Australia's Labor party must unite its feuding factions
The imminence of a national election in Australia is a reminder that Hong Kong is its second-biggest overseas voting constituency. Locals with Australian citizenship will get their say on the drama leading up to the poll, climaxing in this week's removal of Australia's first woman prime minister by her own party colleagues. Julia Gillard has been replaced as Labor leader and prime minister by Kevin Rudd, whom she herself overthrew in a back-room vote three years ago. The sense of déjà vu does not end there. Gillard and her supporters got rid of Rudd in 2010 because he had poor opinion poll numbers and had lost public confidence. Rudd finally got his revenge because Gillard had even worse opinion poll numbers and appeared to be leading her minority coalition government to electoral catastrophe.
The bottom line that Rudd was the least worst option swung the party-room vote his way. It seems to have been borne out in the latest polls, which show a bounce in the Labor vote. It's not sufficient to prevent the conservative opposition coalition led by Tony Abbott from winning the election, but enough to avoid an electoral bloodbath.
Labor will now have to convince voters it is reunited if they are to give it another chance. It has a lot of making up to do. In a seemingly disingenuous tribute to Gillard after beating her, Rudd mentioned her pre-2010 record as his deputy but not her later achievements as leader, as if to deny the legitimacy of her prime ministership. Ironically, they included an agreement with Beijing for an annual top leadership dialogue, something the Putonghua-speaking Rudd failed to achieve.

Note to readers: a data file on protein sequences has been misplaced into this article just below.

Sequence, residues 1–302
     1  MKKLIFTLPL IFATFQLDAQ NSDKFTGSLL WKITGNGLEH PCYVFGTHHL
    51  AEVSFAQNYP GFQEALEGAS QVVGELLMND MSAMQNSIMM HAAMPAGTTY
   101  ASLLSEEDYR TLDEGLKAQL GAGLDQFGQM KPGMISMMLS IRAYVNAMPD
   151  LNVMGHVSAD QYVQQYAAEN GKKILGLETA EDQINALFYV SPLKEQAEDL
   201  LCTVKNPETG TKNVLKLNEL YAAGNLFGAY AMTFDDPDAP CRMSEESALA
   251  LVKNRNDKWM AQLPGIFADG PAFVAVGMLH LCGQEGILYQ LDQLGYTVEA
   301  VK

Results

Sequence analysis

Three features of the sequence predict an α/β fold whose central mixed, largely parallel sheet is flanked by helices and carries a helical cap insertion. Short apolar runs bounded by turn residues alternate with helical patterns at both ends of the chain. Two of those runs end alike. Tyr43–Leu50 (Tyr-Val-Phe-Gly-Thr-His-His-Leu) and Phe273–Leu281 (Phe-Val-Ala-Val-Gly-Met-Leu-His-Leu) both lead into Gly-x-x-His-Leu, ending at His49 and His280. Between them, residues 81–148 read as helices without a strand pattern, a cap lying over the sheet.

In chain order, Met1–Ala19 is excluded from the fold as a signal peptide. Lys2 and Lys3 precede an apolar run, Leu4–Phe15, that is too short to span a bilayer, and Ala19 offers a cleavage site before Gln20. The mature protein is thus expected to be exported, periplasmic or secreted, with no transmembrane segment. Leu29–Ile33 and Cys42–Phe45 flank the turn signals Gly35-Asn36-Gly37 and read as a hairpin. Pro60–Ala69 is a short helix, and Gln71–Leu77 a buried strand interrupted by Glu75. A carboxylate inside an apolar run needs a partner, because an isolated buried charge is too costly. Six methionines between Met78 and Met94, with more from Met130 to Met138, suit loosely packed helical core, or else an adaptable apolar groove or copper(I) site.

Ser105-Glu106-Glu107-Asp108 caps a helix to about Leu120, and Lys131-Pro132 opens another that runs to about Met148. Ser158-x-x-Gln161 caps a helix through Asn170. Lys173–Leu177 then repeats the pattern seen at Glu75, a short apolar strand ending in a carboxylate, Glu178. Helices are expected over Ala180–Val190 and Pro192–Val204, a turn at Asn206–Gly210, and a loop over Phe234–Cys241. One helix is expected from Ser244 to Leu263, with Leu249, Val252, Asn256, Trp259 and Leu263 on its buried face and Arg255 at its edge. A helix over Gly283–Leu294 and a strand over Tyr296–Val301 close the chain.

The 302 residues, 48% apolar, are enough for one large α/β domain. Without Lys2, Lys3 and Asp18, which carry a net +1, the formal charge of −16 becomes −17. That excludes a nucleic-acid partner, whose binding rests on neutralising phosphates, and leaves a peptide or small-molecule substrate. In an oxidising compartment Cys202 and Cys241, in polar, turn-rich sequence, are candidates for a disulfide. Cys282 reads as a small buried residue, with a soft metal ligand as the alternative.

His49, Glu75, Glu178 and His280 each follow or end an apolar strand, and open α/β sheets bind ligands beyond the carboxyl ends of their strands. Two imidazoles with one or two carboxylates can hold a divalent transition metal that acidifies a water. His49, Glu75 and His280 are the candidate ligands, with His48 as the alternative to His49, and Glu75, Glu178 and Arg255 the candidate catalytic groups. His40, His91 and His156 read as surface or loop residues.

In a bid to avert disaster, Labor has risked alienating female voters, to whom Gillard has been portrayed as the victim of a gender-based campaign of bullying and disloyalty. There is also the fear - now that Rudd is leader again and voters need no longer empathise with him as a political martyr - that they will invoke Shakespeare and declare an electoral plague on both Labor's feuding houses. In politics, disunity is death.